In recent years successful wide bandwidth drivers have become available enabling certain progressive manufacturers to eliminate crossovers or move them to the extremes of the frequency range.
While this works very well in some cases, it has been rejected out of hand by many audiophiles. Go figure.
Not bad, it's tight but lacks sufficient bass to balance out the speaker. I've heard these speakers matched to a 300B amplifier and a matching active Sub-Woofer from the same manufacturer and thought it sounded excellent. The sound was very detailed, intimate and plenty of punch where it was needed the most.
Clipsal - It seems that you already have your answer. Buy that sub and cross it over as low as you can.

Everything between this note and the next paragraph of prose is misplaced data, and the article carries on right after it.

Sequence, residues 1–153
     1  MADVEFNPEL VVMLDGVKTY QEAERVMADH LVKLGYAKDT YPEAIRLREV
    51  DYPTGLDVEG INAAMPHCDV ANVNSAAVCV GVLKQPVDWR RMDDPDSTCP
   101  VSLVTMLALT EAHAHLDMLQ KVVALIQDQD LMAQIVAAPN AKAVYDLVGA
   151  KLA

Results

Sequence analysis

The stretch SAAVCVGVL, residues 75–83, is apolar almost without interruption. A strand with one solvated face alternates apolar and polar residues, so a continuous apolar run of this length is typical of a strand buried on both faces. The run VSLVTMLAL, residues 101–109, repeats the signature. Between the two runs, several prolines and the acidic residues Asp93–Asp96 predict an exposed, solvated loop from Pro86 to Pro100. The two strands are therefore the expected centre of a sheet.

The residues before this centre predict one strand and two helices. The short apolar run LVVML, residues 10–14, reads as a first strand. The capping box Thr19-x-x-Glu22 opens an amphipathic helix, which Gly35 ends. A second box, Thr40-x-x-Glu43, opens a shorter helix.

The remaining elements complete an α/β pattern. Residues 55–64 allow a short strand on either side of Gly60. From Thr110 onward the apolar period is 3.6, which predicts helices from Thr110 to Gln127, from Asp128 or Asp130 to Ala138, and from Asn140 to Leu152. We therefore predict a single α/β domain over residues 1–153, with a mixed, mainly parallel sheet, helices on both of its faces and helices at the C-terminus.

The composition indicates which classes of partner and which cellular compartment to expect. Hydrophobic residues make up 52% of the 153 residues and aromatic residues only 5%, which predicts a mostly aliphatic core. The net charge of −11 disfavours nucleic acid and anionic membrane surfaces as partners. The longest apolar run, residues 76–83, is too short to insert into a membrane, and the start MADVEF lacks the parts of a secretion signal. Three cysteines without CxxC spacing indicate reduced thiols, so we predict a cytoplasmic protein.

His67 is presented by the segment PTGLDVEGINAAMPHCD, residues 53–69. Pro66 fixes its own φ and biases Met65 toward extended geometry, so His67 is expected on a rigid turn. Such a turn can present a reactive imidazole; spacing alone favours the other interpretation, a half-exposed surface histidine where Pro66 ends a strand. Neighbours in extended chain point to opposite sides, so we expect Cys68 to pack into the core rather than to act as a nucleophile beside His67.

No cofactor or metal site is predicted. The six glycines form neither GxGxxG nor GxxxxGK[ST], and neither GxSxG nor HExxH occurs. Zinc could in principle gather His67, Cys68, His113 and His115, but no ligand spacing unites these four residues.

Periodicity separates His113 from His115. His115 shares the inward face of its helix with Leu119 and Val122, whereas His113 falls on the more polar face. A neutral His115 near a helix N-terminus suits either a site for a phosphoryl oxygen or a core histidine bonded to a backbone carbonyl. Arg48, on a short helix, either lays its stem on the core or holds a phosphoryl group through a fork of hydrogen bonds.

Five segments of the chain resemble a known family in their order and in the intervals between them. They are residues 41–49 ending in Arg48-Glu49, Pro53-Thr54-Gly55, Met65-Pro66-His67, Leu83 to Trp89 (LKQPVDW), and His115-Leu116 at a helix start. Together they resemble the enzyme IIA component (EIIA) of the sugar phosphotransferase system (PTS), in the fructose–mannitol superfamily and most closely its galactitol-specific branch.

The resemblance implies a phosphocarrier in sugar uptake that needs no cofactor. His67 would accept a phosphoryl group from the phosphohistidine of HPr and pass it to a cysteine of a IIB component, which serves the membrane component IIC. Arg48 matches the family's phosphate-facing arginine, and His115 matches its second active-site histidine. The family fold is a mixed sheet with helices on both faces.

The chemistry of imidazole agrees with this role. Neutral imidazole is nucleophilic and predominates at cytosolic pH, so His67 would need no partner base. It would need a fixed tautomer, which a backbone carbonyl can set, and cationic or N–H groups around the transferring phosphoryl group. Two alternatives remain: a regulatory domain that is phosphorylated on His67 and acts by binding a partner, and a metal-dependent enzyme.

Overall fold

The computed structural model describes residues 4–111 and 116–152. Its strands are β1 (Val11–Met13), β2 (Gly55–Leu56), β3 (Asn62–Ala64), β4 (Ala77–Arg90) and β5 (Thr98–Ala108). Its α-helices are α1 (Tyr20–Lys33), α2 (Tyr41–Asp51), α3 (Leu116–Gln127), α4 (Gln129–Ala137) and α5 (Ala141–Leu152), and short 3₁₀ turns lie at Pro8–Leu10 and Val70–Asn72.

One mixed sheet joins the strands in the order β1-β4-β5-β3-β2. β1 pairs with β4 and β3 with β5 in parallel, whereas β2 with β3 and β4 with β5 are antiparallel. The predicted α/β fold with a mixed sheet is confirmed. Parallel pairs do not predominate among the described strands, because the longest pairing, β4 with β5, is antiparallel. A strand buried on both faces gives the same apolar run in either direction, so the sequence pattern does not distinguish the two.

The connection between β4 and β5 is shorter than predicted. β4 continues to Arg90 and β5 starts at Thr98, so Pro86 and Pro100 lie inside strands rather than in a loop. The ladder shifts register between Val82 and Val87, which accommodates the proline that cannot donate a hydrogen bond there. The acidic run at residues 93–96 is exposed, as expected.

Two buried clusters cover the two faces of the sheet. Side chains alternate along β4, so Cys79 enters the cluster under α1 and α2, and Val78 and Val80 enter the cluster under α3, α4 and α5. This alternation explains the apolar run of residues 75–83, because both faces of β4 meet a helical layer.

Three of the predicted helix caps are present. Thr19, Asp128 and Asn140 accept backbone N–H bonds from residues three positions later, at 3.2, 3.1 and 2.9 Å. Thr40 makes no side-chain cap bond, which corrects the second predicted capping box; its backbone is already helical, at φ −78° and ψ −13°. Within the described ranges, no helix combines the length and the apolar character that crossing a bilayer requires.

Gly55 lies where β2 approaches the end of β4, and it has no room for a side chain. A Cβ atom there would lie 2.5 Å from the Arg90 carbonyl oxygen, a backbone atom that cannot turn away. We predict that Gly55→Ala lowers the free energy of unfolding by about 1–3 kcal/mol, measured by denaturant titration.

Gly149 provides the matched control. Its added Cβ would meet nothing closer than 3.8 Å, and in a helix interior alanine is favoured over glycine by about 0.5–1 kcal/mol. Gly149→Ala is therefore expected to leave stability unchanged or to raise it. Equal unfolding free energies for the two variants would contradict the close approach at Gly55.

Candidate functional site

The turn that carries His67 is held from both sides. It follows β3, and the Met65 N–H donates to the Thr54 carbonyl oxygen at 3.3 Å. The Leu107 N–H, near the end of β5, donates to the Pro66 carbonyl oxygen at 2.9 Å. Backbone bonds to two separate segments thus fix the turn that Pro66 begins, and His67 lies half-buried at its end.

Maybe this is a silly question, but what speakers are we talking about here?
Gallo speakers either have no crossover or for the reference 3.1 only has a high pass filter at 120HZ for the larger woofer.
Hi Clipsal- let me say your speakers look absolutely gorgeous.
I am a fan of crossover less speaker designs. I have seen the website and they claim a frequency down to 27hz. My crossover less speakers (Nagaoka BLH with Fostex 6" FE168Sigma)are about the same dimensions and do not go anywhere near that figure
(I would guess). Adding the sub would give that added oomph and depth, thats what I have done. They must have a very good to excellent WAF. Its another speaker to add to the 'must have a listen to' list.
Ps WHT have an even bigger version with 12" cone at a mind boggling $45000!